Digital finance is a mainstay in Nigeria’s tech sector.

A vibrant youthful environment has buoyed a thriving new market and hence a plethora of opportunities in digital finance in the busy Nigerian fintech sector.

Digital Finance Nigeria

A vibrant and youthful environment has buoyed a thriving new market and hence a plethora of opportunities in digital finance in the busy Nigerian fintech sector. Despite the ups and downs that the sub-sector has faced in recent years, it shows great potential to grow in leaps and bounds over the next few years.

In 2022, the digital finance sector in Nigeria handled nearly $ 700 million in digital transactions, which depicts the rapid growth of digital finance in the country.

As previously indicated, the fintech sector in Nigeria has shown great growth over the past few years with digital finance showing commendable favour and growth.

You should also read: Nigeria leads the pack in Africa’s fintech sector & findings anticipate further growth.

Obviously, the enthusiasm waned briefly due to challenges such as the ailing global economy, financial scandals, the oversaturated market and the infamous crypto crash.

But players in the industry perceive these as just passing phases that could have besieged any industry and have expressed optimism of a marked growth going forward. Boasting more than 200 fintech start-ups, Nigeria is a ripe market to sample and execute viable digital finance services as the sector shows great growth and boasts untapped potential.

The latest Tech in Africa report indicates that the next few years will possibly sink or swim for the Nigeria fintech sector. Therefore, market consolidation and sophisticated consumer expectations might be a laudable solution to keep the market afloat and thriving.

Head and regional manager of Nigeria’s West Africa at Backbase, Emmanuel Onyeje, in a recent media statement, indicated that the major players in Nigeria’s fintech sector might have to consider coming together to develop a common strategy to stave off external competition.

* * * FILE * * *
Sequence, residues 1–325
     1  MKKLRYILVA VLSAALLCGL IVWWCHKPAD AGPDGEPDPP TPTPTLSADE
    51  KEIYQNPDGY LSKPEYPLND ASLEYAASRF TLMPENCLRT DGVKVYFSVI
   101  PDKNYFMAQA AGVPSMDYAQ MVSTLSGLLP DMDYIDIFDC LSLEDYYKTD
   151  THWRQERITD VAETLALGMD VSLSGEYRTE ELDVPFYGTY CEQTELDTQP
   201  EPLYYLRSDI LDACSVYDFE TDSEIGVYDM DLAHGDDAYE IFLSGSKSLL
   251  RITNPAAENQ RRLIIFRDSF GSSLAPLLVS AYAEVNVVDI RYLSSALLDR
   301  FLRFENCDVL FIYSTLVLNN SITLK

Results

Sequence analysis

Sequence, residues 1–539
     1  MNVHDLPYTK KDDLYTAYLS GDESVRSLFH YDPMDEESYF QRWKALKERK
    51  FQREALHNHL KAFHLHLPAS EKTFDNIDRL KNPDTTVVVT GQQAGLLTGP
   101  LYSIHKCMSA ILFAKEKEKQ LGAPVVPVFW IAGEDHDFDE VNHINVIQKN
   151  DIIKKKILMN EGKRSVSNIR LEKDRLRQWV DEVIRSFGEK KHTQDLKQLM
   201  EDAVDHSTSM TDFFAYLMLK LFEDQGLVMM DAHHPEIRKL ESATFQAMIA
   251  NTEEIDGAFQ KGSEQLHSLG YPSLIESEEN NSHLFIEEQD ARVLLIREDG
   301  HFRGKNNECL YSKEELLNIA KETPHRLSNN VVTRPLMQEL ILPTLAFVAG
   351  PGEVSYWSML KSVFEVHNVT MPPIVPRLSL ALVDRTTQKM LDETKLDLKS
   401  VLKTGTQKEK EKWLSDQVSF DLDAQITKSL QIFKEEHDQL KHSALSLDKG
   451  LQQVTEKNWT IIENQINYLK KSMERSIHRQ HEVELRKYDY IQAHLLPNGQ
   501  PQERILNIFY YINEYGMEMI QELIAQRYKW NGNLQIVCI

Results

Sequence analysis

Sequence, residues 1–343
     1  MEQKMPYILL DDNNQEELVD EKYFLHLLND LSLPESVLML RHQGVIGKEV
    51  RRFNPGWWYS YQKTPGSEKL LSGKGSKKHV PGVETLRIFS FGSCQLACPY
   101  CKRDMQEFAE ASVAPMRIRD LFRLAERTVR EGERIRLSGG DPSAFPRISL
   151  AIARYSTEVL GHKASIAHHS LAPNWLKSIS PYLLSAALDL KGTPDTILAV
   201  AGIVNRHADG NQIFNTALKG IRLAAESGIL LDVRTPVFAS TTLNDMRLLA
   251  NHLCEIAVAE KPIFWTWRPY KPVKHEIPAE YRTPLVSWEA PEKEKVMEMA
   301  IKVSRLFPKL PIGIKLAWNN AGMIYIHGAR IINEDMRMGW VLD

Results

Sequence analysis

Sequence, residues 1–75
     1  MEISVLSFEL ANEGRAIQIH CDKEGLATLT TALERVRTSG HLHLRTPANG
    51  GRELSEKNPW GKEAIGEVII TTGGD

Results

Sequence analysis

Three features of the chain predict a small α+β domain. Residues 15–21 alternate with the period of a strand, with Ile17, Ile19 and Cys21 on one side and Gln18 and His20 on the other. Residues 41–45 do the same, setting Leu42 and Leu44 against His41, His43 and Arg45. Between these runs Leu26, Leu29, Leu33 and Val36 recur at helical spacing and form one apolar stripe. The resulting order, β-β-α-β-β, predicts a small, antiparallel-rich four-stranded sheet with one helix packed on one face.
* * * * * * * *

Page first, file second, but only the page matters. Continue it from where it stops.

Onyeje noted that Telecom companies are making quick inroads into the world of digital finance.

“Fintechs might have opened the door for new venues for financial services to more than 100 million unbanked people in Nigeria,” he is quoted as saying. He added that this development would challenge traditional banks to up their game and improve the streams of service and diversification of digital finance services.”

Emmanuel Onyeje, Regional Manager West Africa and Head of Nigeria

The latest ‘Fintech in Africa,’ report backs these views and points out that the growth of the digital finance sector in the youth market will see the need to further invest in and develop the sector, as many youths are unlikely to have a traditional bank account and prefer to carry out financial transactions digitally, which they view as faster and more efficient than traditional banks which they perceive as slow and archaic.

“The only way for traditional banks to thrive in this sector and enjoy pronounced market share in digital finance is to shed the brick and mortar and suit and tie approach to banking and improve on digitalisation and develop efficient service platforms for clients, which are actually more cost effective and affordable”

There is a brewing competition furthermore as online banking grows and fintechs are already tapping into these opportunities, which over the next few years might see the traditional methods of banking become largely obsolete. This calls for improved digital banking methods to leverage this consumer shift in digitalisation.